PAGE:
Am I living in the past or have I travelled back in time? I turn on the news and it’s Bush v Clinton for the US presidency, I look at the top grossing movies and Terminator and a Jurassic movie are the top 2 grossing movies for the month and then I turn on my Xbox One and learn that I am reliving my childhood all over again, Kings Quest has returned after 17 years since the last official release by Sierra.
I am a huge fan of the series and Sierra in general; games like Kings Quest, Police Quest, Space Quest and Leisure Suit Larry dominated my childhood gaming experiences. Instead of disc’s I used disk’s and my console of choice was actually a computer, the Commodore Amiga 500.
Much like the Telltale games, Sierra and The Odd Gentlemen will be releasing a collection of five different chapters, which focuses on tales of King Graham’s past, affectionately retold by an older, much wiser King Graham, voiced by legendary actor, Christopher Lloyd.
A Knight to Remember is the first of the five chapters. You are thrown straight into the thick of things, as Graham needs to make his way to that familiar Well where that familiar dragon lurks and is guarding the Magic Mirror, the key to the throne of Daventry. Without giving too much away, the prologue sets up the story extremely well and introduces a much older and wiser Graham, recounting his achievements to his young granddaughter, Gwendolyn.
The first chapter is extremely faithful to Kings Quest lore and game play, if you aren’t too familiar with this, imagine many different pathways, with many different landscapes and being able to explore it all, whilst I am painting a big picture, it isn’t as cumbersome as you would think. The game play has been modernised to appeal to today’s gamers, whilst tugging at the heartstrings of the older questing purist.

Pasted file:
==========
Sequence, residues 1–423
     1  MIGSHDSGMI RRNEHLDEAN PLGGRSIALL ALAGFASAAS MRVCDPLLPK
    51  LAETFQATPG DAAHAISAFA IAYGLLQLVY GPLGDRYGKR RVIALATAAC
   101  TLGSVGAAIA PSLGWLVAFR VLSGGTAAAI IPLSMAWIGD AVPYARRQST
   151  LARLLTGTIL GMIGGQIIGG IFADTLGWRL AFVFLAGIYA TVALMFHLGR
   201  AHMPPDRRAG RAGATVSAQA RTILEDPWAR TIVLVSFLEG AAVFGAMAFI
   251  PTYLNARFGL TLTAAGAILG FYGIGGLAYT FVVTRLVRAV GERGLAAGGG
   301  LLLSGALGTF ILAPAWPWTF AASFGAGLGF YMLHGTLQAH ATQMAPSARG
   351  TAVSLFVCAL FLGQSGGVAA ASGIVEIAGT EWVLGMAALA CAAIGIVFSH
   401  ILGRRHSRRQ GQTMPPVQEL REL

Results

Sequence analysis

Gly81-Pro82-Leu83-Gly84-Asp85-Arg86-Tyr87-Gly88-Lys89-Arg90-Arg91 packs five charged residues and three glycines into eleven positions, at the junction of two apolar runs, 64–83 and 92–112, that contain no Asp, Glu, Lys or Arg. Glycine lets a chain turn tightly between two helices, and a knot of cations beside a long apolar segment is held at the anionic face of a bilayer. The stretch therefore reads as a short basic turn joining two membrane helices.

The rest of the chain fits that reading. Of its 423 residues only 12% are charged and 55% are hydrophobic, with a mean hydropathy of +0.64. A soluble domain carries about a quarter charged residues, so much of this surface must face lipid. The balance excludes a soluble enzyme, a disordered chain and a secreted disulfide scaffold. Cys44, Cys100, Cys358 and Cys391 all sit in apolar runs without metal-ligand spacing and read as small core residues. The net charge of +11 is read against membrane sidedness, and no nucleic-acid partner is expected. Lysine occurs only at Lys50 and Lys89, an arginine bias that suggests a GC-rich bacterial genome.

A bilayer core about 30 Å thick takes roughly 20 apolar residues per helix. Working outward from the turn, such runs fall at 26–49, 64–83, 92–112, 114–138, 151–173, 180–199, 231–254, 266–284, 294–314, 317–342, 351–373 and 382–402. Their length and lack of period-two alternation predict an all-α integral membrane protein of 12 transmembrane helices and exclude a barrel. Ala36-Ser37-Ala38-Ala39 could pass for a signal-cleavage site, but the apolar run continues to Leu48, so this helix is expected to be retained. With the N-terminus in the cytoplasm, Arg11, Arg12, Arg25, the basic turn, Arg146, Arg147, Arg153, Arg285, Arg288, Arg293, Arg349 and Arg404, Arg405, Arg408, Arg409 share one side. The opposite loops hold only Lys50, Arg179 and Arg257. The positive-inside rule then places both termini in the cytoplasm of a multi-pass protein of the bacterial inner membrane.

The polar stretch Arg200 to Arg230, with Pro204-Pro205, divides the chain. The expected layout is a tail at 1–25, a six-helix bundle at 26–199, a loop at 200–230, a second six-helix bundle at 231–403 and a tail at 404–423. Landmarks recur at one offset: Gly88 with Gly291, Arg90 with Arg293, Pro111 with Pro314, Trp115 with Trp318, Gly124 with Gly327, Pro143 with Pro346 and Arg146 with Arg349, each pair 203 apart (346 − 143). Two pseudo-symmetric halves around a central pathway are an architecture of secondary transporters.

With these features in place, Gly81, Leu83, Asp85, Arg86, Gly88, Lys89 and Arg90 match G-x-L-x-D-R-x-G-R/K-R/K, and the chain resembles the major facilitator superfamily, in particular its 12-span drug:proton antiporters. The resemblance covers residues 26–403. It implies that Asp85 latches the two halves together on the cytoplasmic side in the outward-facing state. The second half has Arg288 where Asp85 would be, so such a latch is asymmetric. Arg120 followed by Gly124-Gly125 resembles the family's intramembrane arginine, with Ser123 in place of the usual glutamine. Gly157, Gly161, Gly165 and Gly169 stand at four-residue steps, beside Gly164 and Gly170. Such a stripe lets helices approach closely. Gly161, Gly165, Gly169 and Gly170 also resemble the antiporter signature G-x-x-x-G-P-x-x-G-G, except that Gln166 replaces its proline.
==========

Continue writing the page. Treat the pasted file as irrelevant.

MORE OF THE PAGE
After the aforementioned prologue, you will learn that Gwendolyn is competing in a test of swordsmanship and in order to get her ready, it’s up to Graham to ensure the right message is told, in order for her to understand true moral values. The main part of Graham’s quest is the trials of Knighthood, when King Edward arranged for a tournament to decide who will be his official Knight of the Kingdom of Daventry.
This is where many puzzles await our un-expecting player, Game play ensures that you need to explore, find specific items, talk to specific people or perform a series of QTE events in order to advance your quest, whilst this is particularly easy during the prologue and first part of the main quest, it gets incredibly difficult towards the end, however you are rewarded with humour and a sense of real achievement. There were many times throughout the game, where I laughed out loud at the Monty Pythonesque jokes and humorous actions of Graham and the characters of Daventry.
The animations blend seamlessly to the Kings Quest storyline. They are well polished and suit the series. Beautiful forest landscapes and well-animated characters come to life in the Kingdom.
Whilst Telltale games generally give the player the consequence of choice and heavily rely on that, Kings Quest tends to focus on obtaining the right ingredients to bake the cake and still allowing the player to choose their path to determine the rest of the story.
There were few to little hindrances experienced, on occasion you may see a repeated cut scene that cant be skipped, however most of the time if you are selecting the same line of dialogue or repeating the same action you will receive different humorous responses.
If I refer back to the original Kings Quest series, created by Roberta Williams and Sierra, the series taught me something that I currently use today, typing skills and whilst the keyboard is completely irrelevant in the latest edition to Kings Quest, you can still be taught a valuable lesson, that Adventure games are truly back and are now part of modern day culture, as they once were when I was a boy.
I give it a 9.7/10